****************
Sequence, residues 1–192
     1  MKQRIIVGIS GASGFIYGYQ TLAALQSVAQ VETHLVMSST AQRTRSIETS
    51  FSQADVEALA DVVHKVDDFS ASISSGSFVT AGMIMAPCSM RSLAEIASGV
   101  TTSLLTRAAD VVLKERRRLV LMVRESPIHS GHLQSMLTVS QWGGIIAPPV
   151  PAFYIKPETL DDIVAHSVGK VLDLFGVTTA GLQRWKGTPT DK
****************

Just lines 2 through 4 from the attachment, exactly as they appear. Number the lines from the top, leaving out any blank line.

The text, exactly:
     1  MKQRIIVGIS GASGFIYGYQ TLAALQSVAQ VETHLVMSST AQRTRSIETS
    51  FSQADVEALA DVVHKVDDFS ASISSGSFVT AGMIMAPCSM RSLAEIASGV
   101  TTSLLTRAAD VVLKERRRLV LMVRESPIHS GHLQSMLTVS QWGGIIAPPV